That cycle continued until some went into debt, on a bet that next year, they would finally make it. But even if next year was an amazing year, the landowner raised the rent, the government raised the taxes, and the marketplace raised the fees. They couldn’t pay back the debt… and the government and the landowners foreclosed on the small businesses and owned them… and then would hire back the former owner to run the business, now at a lower pay rate than they used to get when they owned it.

Amos lived in the middle of that system in the northern kingdom of Israel. He felt it, personally. He saw hurting shepherds, farmers, merchants, traders, restaurateurs. They all talked about it. They all hated it. They didn’t know what to do about it, and they felt powerless to change it. It was so big.

At some point, Amos laid down his shepherd’s crook. He might have sold his animals to competitors. He marched to the capitol and started protesting, and preaching, and prophesying. He spoke to the politicians and wealthiest and said:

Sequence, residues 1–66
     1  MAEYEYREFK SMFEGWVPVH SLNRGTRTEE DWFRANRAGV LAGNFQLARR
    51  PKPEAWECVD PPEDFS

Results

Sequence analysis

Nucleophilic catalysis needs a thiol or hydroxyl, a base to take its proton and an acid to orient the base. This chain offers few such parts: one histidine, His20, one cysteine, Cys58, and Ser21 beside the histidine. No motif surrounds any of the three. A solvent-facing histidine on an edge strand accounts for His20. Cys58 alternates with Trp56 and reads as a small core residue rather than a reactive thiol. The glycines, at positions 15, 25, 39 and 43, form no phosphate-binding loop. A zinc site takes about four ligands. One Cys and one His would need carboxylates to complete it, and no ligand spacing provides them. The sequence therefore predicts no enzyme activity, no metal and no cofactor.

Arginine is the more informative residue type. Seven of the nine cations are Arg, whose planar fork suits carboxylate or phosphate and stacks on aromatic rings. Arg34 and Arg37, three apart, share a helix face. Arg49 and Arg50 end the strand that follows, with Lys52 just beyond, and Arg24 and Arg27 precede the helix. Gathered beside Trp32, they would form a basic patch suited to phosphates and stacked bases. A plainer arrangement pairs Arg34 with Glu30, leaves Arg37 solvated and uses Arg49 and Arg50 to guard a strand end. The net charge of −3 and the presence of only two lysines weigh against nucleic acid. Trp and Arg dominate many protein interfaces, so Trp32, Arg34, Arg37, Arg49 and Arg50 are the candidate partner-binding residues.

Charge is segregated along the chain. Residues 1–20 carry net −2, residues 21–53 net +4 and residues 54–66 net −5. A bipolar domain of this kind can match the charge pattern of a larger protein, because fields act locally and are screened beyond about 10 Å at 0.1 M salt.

“Stop doing evil on your people. Do good for all the people. Your lives and their lives are intertwined, and if you want to truly live full, happy lives, you have to make sure they have a way to live full happy lives. You’ve always said the Lord was with you, and you thought your wealth and prosperity were a sign the Lord has blessed you. No! Your wealth, you have gotten by holding others down and taking more and more from them for yourselves! You’ve become evil and used injustice to gain your wealth and power. But if you change, if you will become generous and fair in every corner of the nation to all the people, God just might spare this nation yet."